New Jersey Legislators Reintroduce International Online Gambling Bill
Posted on: February 2, 2014, 05:30h.
Last updated on: January 31, 2014, 02:57h.
The online gambling market in New Jersey may not be pulling in the enormous revenues that Governor Chris Christie predicted, but overall, the launch has been seen as a success for the state’s casinos. But even as the New Jersey Internet betting market is in its infancy, some legislators are thinking ahead to how the state could capitalize on legal online gambling around the world.
A new proposal from New Jersey state senators Ray Lesniak and Jim Whelan would allow Atlantic City casinos and their partners who have earned online gambling licenses in the state to offer their games in other regulated jurisdictions as well. That would take New Jersey’s online offerings out of an admittedly large cottage industry and onto a much broader stage, where the potential earnings for casinos and the state government are nearly limitless.
“This opens up the worldwide market to us, the $30 billion Big Kahuna,” said Senator Lesniak.
This bill is not the first time New Jersey’s legislators have taken a look at where else the state’s licensees might offer their online gaming sites. The concept was first floated by Lesniak last year, before the first sites even went live. Under that version of the legislation, online gambling companies from around the world would have been welcomed to New Jersey, potentially turning the state into an international gambling hub. That legislation was later changed to require companies to operate specifically out of Atlantic City, and to remove a requirement that online gambling firms help fund the state’s horseracing industry.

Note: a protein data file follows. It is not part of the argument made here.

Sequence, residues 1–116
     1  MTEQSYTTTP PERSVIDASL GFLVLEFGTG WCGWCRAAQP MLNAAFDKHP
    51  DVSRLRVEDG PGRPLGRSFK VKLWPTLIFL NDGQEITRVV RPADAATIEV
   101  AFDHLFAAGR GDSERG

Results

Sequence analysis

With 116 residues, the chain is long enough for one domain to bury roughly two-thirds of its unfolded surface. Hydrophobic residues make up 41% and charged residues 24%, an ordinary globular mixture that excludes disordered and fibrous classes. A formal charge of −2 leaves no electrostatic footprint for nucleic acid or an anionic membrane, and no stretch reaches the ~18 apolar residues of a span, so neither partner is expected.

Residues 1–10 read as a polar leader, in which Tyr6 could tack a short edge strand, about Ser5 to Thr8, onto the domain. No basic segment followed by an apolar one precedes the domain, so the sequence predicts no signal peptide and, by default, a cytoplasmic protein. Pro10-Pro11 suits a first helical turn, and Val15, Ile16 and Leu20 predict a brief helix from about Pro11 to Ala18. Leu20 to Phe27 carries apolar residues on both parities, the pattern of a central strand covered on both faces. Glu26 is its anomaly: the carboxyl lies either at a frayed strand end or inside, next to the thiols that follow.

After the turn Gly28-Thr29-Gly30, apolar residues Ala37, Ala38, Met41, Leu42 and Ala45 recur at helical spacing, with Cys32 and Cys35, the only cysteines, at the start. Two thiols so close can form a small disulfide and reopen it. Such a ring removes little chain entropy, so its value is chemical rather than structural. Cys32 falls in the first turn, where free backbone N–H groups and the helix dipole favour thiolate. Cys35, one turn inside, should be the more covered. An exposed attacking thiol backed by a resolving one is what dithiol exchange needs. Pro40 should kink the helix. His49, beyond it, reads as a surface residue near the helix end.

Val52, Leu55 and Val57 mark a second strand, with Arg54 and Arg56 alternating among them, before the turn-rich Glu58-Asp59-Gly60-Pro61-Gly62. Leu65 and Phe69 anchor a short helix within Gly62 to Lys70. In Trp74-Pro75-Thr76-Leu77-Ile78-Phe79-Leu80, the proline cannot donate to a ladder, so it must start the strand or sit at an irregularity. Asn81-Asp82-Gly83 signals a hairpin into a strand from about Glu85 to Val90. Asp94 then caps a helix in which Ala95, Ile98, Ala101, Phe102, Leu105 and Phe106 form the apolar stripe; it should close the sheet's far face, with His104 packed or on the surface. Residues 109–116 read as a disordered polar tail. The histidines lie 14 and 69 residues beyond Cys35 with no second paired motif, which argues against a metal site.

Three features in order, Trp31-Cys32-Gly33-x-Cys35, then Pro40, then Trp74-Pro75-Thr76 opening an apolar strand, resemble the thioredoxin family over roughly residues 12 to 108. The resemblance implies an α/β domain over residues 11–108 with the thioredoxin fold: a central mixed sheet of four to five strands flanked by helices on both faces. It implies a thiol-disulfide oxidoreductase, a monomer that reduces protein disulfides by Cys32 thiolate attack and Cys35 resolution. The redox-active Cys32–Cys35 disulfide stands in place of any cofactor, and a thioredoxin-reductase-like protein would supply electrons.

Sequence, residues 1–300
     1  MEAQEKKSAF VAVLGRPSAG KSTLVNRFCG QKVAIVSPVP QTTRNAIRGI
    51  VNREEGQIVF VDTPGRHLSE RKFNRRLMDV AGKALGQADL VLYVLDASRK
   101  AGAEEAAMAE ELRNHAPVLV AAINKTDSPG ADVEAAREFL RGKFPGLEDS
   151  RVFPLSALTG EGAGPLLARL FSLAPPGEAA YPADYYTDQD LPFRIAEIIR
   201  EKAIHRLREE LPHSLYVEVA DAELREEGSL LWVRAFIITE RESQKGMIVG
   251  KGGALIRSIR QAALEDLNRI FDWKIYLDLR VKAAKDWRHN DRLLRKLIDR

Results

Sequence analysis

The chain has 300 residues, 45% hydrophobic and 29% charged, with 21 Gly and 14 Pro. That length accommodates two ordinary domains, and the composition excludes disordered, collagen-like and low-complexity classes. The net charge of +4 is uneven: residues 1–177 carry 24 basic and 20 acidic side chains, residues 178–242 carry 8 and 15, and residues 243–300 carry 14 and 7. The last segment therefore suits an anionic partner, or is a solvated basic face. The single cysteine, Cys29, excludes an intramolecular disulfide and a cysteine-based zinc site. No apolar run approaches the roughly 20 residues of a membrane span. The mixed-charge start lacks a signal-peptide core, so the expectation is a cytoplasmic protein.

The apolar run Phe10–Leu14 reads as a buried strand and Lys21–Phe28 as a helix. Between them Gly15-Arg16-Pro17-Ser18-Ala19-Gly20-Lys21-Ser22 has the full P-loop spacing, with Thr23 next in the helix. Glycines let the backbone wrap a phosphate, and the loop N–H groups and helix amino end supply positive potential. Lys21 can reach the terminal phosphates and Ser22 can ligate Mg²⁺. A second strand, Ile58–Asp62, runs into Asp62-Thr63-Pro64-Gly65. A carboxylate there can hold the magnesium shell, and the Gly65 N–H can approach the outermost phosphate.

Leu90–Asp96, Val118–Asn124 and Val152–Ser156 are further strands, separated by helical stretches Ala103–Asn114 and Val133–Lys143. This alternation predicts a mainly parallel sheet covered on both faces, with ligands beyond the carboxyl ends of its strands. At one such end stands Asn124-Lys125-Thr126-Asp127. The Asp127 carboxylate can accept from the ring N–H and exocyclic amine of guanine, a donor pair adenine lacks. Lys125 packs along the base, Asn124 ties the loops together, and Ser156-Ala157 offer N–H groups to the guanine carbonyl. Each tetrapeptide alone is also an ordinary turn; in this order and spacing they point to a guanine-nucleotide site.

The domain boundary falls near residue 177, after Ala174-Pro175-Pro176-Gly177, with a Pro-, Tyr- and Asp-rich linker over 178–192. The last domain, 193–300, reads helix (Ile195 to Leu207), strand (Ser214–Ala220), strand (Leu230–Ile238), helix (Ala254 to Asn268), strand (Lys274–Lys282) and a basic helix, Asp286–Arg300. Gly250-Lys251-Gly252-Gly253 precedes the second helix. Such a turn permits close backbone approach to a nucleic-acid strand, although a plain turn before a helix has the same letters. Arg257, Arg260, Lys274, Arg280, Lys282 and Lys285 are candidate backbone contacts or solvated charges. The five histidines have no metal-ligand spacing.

Stepping Outside State Lines
The new version of the legislation simplifies those proposals. Under the current plan, New Jersey’s licensed casinos and their online gambling partners would be allowed to offer their services in other regulated jurisdictions. Rather than bringing the world of gambling to the state, it would allow New Jersey’s online casino industry to reach out to the massive worldwide market instead.
The bill would also require payment processors to be licensed in the same way as New Jersey’s casinos and their online gambling partners. This would hopefully solve some of the current problems players are having with financial institutions preventing online gambling payments from being processed for the state’s regulated sites. Many major banks have been wary of approving online gambling transactions for a variety of reasons, including confusion over how state and federal laws interact on this issue. It is hoped that licensing payment processors could help ease these concerns.
Lesniak believes that such legislation would allow New Jersey to reap the maximum benefit from its association with online gambling.
“[The bill] would put New Jersey at the hub of an international gaming industry that is expected to experience rapid growth in the years ahead,” Lesniak said when he first introduced the bill in November. “The plan would help attract international gaming companies to New Jersey, producing jobs, state revenue and economic expansion.
“We are well positioned to take advantage of a dynamic opportunity to be at the hub of a new business sector with the potential for economic growth and job creation,” the senator added.
The first figures released for online gaming in New Jersey have shown that casinos made $8.4 million between the November 21 launch and the end of 2013.
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